Ash Street was named after the ash trees that once grew here, as was Oak Street. Box street was named after the box factories, which were once an important local industry. Clay Street could be named for Henry Clay who was an important Senator who kept the union together by working out the Compromise of 1850 or it could be named after a local 17th century pirate (yes, pirate!) called Humphrey Clay who settled down to run an early local ferry and was an associate of Captain Kidd. DuPont Street is named for Admiral Samuel DuPont, a hero of the Mexican War who commanded the first ever ironclad armada during the Cvil War. Why no L street? Well there was once a Lincoln Street that later became Greenpoint Avenue. Rumor is that local Democrats did not like the name of a Republican President and changed it.
West Street is not named after Mae West, but instead was named because it is the westernmost street in our area. Some streets take their names from the original Huguenot farmers of the area. The Meseroles had an orchard and the Calyers were another ancestral family as were the Provosts.
There are streets named for locally important people, who are now forgotten. Opened in 1852, Kent Street was named after a noted jurist and first professor of Law at Columbia College and Chancellor of The New York Court of Chancerey, James Kent. Lorimer Street is Named after James Lorimer Graham who along with his brother was an active real estate developer in Williamsburg. Noble Street takes its name from the 1842 Trustee of The Village of Williamsburg, James Noble. Driggs Avenue was named after Edmund Driggs, last President of the Village of Williamsburg. Humboldt Street was named after the brilliant German academic Alexander Von Humboldt. Guernsey Street honors a local medical doctor Dr. Egbert Guernsey, founder of The Williamsburg Daily Times. Banker Street honors Edward Banker who purchased and developed local property. Samuel Leonard was the Superintendent of schools who built P.S. 34.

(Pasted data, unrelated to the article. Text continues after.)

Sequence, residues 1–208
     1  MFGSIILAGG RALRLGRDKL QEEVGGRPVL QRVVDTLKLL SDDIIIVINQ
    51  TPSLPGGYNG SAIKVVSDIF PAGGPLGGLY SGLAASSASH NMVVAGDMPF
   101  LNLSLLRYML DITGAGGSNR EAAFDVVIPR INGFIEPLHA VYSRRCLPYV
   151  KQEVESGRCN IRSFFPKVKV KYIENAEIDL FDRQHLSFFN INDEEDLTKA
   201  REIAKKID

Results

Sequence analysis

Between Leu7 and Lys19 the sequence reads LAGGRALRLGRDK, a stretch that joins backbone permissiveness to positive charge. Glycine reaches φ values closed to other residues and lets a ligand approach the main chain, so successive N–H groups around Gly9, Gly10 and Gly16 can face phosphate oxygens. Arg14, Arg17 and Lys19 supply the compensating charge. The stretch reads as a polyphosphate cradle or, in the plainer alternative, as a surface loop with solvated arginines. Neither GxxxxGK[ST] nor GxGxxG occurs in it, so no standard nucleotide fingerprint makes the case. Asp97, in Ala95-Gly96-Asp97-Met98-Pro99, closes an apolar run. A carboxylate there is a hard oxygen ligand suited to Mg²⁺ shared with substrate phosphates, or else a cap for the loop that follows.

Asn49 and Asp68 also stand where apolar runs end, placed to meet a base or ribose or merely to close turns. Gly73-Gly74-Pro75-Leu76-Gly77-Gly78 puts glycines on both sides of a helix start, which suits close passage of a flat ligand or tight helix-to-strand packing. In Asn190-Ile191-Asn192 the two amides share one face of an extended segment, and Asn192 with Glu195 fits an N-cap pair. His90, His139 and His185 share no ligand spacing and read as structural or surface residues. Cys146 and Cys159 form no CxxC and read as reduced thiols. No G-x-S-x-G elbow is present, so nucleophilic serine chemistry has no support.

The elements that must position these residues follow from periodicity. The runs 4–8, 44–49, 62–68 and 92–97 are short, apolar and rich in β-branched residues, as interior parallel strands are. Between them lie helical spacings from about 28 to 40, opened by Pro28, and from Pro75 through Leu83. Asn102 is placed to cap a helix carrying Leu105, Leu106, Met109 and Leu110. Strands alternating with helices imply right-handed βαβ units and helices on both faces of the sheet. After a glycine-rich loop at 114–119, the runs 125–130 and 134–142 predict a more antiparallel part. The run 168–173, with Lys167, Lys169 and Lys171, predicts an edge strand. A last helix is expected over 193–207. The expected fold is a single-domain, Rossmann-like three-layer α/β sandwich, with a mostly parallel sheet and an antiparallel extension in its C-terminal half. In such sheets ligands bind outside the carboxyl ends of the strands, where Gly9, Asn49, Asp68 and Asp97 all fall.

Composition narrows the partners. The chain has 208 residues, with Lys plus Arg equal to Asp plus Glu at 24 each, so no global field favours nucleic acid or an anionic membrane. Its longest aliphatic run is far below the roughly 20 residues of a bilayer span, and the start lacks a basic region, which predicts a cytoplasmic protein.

Manhattan Avenue used to be called Orchard Avenue because it went through the Meserole Orchard. At one time there was a bridge at the end of Newtown Creek that led to Long Island City; Greenpointers had to travel down this avenue to get to Manhattan. Franklin Street led to Williamsburg, which was first surveyed by the grandson of Benjamin Franklin, Jonathon Williams, so the name of the street honors the man on the hundred dollar bill. McGuinnness Boulevard used to be called Oakland Street, but was renamed to honor the legendary boss of Greenpoint, Peter J. McGuinness.
A few names still stump me: Russell Street, North Henry Street and Engert Street amongst others. If you know the origin of the names please let us know.